In Brittany, John was with Henry Tudor, this is particularly interesting in view of his connection with Margaret Beaufort. Jones & Underwood (authors of The King’s Mother) gently infers that there was kinship between the Cheney and Beaufort families.

On arrival at Milford Haven, with Henry Tudor’s invasion force, 7 Aug 1485, John is one of the group of companions who are knighted. Henry Tudor’s growing forces cross Wales heading for England. Richard was aware of the invasion force and the two armies arrived near Bosworth on 21 August 1485. The next morning in the battle John is one of Henry Tudor’s bodyguards. During the battle Richard III sees the opportunity to eliminate his rival, charging towards Henry’s and killing William Brandon, Henry’s standard bearer, and unhorsing John Cheney with a blow to the head from his broken lance, Richard is soon fighting bravely but is cut down, the last English King to die on the field of battle on English soil.

On November 7 1485 the attainders on the rebels were reversed. The rewards for support came quickly from Henry VII: John was made a knight of the body. On the field at Stoke, before the battle John was created a knight-banneret. John Cheney with three others were ennobled after the battle of Stoke 1487, becoming Lord Cheney of Falstone Cheney, and also became a knight of the Garter in 1486, (number 229 in succession). John also held the post of royal standard bearer to Henry VII

John’s military campaigns won high praise, he was sent to Brittany with Willoughby as the Franco-Breton crisis escalated.

In his parliamentary capacity he sat for his county, summoned to parliament in 1487 and continued to be called until 14 October 1495 and also was speaker of the House of Commons.

John died in 1499 as is quoted on the plaque on his effigy in Salisbury Cathedral. However it is possible that he died in 1496 when several sources quote inheritance of his estates in that year.

He was interred in the beautiful chantry of his friend Bishop Richard Beauchamp, which was situated on the north side of the Lady Chapel. The Chantry was demolished by Wyatt in the 18th century and the effigies moved to the central aisle. The base that John’s effigy now rests was made up of pieces of the Beauchamp chapel.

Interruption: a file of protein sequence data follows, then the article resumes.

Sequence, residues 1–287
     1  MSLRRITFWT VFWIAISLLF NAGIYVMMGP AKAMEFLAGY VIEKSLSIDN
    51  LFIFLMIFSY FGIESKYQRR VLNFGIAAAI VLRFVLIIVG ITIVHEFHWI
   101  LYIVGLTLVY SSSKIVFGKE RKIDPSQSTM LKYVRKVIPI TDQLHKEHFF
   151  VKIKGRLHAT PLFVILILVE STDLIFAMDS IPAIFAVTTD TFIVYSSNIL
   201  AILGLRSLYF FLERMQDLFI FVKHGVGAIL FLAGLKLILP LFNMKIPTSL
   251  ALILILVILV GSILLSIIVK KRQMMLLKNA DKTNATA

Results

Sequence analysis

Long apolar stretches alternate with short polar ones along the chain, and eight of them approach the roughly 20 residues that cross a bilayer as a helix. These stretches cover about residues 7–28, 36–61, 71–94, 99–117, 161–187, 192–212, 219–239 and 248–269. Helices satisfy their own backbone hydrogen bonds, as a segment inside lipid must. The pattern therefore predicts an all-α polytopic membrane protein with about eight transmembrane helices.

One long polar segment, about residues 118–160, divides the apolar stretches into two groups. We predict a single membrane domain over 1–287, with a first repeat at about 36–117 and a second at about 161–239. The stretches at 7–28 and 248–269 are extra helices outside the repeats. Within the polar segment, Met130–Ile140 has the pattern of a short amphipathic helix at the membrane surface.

The effigy itself is of marble, now heavily scored by graffiti dating back centuries. The head of the heraldic beast at the effigies feet no longer has its head, but is possibly a lion, or dragon as it has a three-pronged tail overlying its body. On the soles of the feet are two differing carvings, which do not appear to make sense; are they also of heraldic meaning? – Hamilton Rogers claims an oak leaf and a scroll

The effigy is wearing German Gothic style plate, double layer breast and possibly back-plate (hidden by the cloak), mail collar and the fixings for a bevoir on the breastplate. The breastplate is waisted and has sets of 3 buckled lames and tassets, two front, two sides and a mail skirt under. The leg armour is also German Gothic style with a knee cop with spade poleyns. There are three lames either side of the knee cop, the lowest of the three pointed and scalloped over the grieve. He is wearing sabatons and appears to have a size five or six shoe size.

It is difficult to describe the arm armour, apart from the large shaped couters and plain vambrace, as the effigy is wearing a cloak with Garter insignia on the left Shoulder. It is cord tied, the tassels of which fall onto the tassets. A garter is shown below the left knee cop, which also supplements the insignia. Under the cloak, but over the breastplate the effigy wears a Lancaster ‘SS’ chain with the Beaufort portcullis and Tudor Rose pendant. Encompassing the tassets is the leather sword belt showing a widening vee, frog style sword housing, holding the bare sword to his left side. The sword has been broken so only part of the hilt and blade now remains. On his right side about waist height is a dagger, but this looks added in, or replaced in restoration. The hands are bare in prayer although there are many rings showing, not always worn at the base of the fingers. The figure also has flowing hair of a wavy nature and is supported by a pillow and two angels or family members with wings.


The accompanying inscription provided for tourists in the cathedral states:


John Lord Cheney

Bailiff to Bishops Beauchamp and Woodville
He fought alongside Henry Tudor against King Richard III
at the battle of Bosworth in 1485 and rescued Henry’s standard
when its bearer was killed. He was later appointed
Master of the Horse, Knight of the Garter and
Privy Councilor. He died in 1499

John Cheney’s heraldry has several references –

“among the “knightes made at the landinge of Kinge Henry the Seventh at Mylforde Haven,” fourth on the list occurs Sir John Cheney. His arms are thus given – Quarterly 1 and 4 Azure, six lioncels rampant argent, a canton ermine; 2 and 3, ermine, a chief per pale indented or and gules, in the dexter side a rose of the last (Shottesbroke) Crest, two bulls horns argent, separated from the scalp roots or “fixed to the mantle without toree” (Metcalfe’s Book of Knights) (Strife of the Roses)


John Cheney of Shurland

The arms of Cheney (of Shurland) are recorded as Argent, on a bend sable, three martlets or, quartering, azure, five lioncels argent, a canton ermine – or according to another authority azure, six lioncels three, two, one argent (Shurland) (no arms are visible at Salisbury)”